The Master Plan of Evangelism – Part 2

The Master Plan of Evangelism by Robert E. Coleman
(Summary by Bill Glad)

Part 1: The problem in evangelistic methods & Selection
Part 2: Association & Consecration
Part 3: Impartation & Demonstration
Part 4: Delegation & Supervision
Part 5: Reproduction & Conclusion

evangelism-association

Association: He stayed with them.

Having called his men, Jesus made it a practice to be with them. This was the essence of his training program – just letting his disciples follow him. This was an incredibly simple method and stood in stark contrast to the formal procedures of the scribes. By the virtue of their fellowship with Jesus the disciples were permitted “to know the mysteries of the Kingdom of God” (Luke 8:10). Knowledge was gained by association before it was understood by explanation. The call to the disciples was “follow me and to others “come and see”. Even in the choosing of the twelve we can see that they were set apart “that they might be with Him” (Mark 3:14). He had more time with the apostles than with everyone else in the world put together, and it could only have been deliberate. Taking this approach means that Jesus had little time to call his own. Jesus still ministered to the masses, but all the time ministered to his disciples by having them with him. He had to devote himself primarily to the task of developing some people who in turn could give this kind of personal attention to others. Again, the modern day church has failed miserably to care for the individuals in the body with the attention they need. Building men and women is not easy. But we need to be incorporating into our ministry personal care and close relationships for all new members to the body.

 

evangelism-obedience

Consecration: He required obedience.

Jesus expected the people he was with to obey him. They were not required to be smart, but they had to be loyal. They were called his “disciples” meaning that they were “learners” or “pupils”. For the moment all they were asked to do was to follow Jesus. Following might have seemed easy at first, but it soon became apparent that it meant the surrender of one’s whole life to the Master in absolute submission to his sovereignty. There could be no compromise. Would-be disciples were made to count the cost, and many who followed turned away.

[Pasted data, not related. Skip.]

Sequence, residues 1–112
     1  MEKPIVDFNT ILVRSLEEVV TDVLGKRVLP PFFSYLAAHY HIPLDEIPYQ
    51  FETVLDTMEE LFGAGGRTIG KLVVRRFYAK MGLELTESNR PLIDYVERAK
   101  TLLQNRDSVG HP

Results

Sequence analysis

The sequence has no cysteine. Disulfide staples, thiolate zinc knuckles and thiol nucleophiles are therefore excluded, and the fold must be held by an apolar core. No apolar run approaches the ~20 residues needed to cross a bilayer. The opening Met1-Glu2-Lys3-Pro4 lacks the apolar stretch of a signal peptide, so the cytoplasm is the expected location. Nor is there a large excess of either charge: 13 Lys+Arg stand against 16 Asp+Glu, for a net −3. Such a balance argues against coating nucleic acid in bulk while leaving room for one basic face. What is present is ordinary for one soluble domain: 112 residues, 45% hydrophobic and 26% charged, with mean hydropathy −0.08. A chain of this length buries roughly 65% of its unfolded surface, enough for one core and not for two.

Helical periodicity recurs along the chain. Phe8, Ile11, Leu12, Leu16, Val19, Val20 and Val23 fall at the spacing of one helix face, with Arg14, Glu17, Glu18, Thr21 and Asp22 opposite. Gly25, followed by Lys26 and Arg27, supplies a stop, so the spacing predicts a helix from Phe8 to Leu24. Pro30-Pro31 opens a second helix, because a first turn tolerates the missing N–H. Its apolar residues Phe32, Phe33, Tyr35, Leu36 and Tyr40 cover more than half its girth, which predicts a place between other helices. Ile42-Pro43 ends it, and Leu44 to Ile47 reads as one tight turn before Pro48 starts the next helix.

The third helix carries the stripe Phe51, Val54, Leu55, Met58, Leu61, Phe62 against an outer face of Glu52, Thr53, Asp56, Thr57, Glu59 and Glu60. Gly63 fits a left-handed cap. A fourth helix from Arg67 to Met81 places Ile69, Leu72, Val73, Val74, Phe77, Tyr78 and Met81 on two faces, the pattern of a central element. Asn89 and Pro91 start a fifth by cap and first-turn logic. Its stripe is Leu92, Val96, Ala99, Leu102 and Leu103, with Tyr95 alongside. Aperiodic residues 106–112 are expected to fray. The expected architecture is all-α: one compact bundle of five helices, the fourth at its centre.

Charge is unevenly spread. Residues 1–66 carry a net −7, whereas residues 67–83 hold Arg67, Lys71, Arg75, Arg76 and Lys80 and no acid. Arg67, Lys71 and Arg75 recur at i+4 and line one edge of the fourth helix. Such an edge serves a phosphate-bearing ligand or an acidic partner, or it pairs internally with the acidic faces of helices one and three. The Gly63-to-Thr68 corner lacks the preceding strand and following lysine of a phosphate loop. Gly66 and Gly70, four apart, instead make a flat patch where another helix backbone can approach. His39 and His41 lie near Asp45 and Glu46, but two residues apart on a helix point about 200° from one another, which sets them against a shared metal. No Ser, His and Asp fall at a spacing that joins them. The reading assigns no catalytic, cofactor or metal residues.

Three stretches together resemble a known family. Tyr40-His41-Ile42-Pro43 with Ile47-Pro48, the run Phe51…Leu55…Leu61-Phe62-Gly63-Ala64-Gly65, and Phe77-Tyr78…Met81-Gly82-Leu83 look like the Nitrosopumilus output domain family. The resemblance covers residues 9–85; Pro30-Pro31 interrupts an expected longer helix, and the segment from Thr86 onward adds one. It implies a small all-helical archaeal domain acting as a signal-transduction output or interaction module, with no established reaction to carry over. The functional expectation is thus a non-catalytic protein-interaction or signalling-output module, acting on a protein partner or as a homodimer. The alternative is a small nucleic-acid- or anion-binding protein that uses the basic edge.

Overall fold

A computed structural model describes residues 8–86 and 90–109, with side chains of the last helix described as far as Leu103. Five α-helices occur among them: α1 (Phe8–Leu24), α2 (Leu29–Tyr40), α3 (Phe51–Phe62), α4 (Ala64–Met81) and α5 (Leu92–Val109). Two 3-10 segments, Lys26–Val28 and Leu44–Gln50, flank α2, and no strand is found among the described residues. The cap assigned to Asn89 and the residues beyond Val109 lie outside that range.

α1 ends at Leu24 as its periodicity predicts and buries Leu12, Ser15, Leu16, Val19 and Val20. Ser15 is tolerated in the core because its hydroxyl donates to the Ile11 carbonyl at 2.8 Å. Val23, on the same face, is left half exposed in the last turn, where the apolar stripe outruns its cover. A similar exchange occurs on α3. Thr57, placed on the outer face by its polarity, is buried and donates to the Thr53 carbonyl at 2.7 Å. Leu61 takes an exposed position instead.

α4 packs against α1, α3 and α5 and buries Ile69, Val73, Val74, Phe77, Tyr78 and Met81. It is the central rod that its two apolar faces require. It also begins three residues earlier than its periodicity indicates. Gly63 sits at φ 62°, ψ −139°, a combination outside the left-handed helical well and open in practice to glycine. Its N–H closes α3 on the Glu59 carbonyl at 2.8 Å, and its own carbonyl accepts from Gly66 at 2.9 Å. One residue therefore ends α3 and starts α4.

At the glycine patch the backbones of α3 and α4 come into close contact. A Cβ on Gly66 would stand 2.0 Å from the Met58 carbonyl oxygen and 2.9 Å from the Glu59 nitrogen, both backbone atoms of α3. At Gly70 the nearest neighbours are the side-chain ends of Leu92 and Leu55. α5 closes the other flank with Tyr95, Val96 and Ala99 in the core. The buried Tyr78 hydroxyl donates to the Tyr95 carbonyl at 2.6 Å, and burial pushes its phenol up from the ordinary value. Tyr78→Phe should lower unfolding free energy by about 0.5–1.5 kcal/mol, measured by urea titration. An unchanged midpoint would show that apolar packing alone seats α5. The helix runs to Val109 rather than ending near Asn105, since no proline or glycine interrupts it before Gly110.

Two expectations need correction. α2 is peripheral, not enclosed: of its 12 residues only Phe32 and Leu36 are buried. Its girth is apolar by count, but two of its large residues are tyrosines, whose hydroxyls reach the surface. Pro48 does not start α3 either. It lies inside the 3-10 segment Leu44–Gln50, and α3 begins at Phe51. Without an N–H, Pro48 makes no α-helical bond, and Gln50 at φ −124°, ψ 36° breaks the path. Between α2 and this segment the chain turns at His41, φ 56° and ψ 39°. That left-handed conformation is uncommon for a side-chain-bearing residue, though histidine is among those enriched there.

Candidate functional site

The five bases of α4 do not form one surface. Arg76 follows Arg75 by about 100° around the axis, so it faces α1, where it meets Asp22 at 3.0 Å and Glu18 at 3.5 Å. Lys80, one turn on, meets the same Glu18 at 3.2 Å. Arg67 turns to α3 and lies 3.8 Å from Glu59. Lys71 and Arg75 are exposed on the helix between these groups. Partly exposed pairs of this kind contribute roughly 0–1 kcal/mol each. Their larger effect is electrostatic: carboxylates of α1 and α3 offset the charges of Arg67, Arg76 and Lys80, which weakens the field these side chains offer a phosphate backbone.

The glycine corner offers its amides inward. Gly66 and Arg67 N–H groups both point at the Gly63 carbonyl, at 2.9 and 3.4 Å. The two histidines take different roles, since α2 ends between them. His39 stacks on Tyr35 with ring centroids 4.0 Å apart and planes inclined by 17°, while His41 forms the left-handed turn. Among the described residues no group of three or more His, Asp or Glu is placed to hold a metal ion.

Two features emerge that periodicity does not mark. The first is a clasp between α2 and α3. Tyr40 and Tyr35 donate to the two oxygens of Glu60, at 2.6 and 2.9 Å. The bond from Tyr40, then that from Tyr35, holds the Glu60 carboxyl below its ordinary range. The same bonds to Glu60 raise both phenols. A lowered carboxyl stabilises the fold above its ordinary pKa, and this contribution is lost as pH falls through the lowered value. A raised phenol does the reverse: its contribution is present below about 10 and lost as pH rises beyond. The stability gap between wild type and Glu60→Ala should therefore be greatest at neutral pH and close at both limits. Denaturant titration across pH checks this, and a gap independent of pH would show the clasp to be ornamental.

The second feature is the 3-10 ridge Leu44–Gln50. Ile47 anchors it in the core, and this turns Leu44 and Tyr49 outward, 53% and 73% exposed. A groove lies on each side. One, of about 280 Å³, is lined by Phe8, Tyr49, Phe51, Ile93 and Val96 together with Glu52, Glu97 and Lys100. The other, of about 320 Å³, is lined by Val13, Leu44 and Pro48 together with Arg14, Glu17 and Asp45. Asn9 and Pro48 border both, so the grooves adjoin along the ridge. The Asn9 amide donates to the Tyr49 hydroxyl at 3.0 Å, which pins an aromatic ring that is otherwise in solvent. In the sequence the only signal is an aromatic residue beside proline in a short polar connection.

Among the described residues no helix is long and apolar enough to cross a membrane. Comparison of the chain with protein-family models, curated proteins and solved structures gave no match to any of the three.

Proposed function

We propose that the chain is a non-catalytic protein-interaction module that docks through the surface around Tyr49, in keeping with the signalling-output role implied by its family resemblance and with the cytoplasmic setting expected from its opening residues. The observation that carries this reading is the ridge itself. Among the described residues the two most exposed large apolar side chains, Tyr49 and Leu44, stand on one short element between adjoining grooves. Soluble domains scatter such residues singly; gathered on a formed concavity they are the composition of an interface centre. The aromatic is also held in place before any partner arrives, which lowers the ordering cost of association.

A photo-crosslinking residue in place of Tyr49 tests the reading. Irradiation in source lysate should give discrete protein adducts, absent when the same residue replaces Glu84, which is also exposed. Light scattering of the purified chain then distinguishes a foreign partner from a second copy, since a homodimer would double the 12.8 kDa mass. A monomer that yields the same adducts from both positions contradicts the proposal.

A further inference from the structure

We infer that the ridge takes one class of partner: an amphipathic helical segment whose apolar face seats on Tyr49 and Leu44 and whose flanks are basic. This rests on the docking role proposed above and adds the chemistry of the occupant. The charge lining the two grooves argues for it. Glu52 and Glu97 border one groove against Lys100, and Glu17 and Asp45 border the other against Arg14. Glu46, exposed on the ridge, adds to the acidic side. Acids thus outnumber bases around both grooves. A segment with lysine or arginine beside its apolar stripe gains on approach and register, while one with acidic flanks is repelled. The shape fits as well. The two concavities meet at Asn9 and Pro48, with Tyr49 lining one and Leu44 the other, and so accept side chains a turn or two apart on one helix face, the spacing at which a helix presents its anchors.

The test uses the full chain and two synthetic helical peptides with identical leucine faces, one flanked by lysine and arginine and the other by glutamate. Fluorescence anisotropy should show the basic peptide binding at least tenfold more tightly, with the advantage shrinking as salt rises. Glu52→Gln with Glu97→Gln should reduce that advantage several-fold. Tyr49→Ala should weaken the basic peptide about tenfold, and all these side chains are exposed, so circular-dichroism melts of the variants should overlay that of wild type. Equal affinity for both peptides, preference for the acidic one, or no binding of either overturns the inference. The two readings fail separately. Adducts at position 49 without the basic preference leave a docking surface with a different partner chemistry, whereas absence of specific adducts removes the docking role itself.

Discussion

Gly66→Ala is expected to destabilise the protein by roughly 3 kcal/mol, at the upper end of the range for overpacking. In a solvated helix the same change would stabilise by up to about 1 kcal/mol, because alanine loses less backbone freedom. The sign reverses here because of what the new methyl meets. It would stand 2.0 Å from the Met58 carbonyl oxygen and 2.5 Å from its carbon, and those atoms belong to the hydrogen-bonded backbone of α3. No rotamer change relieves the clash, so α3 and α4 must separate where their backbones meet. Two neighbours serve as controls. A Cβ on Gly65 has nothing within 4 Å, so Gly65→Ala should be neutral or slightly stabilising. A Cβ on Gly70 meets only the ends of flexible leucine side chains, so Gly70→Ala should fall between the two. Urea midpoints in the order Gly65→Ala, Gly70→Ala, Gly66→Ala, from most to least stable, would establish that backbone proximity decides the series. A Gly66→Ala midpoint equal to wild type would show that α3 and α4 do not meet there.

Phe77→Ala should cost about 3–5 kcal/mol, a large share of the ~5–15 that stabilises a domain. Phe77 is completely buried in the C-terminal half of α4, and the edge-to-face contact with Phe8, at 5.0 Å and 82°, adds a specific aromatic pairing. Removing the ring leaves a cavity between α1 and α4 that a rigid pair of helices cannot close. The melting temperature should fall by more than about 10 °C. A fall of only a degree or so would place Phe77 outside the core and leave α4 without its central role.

The disciples’ obedience did not correlate directly with their understanding of Jesus’ teachings. In fact, they were far from understanding Jesus as he talked about the cross and servant hood. But their capacity to receive revelation would grow provided they continued to practice what truth they did understand. Thus obedience to Christ was the very means by which those in his company learned more truth.

Supreme obedience was interpreted to be the expression of love. If the disciples were to love Jesus, it would be shown in their obedience to his words. Absolute obedience to the will of the Father, of course, was the controlling principle of the Master’s own life. The cross was but the crowning climax of Jesus’ commitment to do the will of God. From the viewpoint of strategy, obedience was the only way that Jesus could mould the disciples’ lives by his word. There could be no development of character or purpose in the disciples without it, and no one can ever be a leader until first he has learned to follow a leader. Without obedience to Christ the disciples would surely have been lost in their battle for human lives. Why are so many professed Christians today stunted in their growth and ineffectual in their witness? Is it not because of their indifference to the commands of God? Obedience has been replaced by a sort of respectable “do-as-you-please” philosophy of expediency.

Part 1: The problem in evangelistic methods & Selection
Part 2: Association & Consecration
Part 3: Impartation & Demonstration
Part 4: Delegation & Supervision
Part 5: Reproduction & Conclusion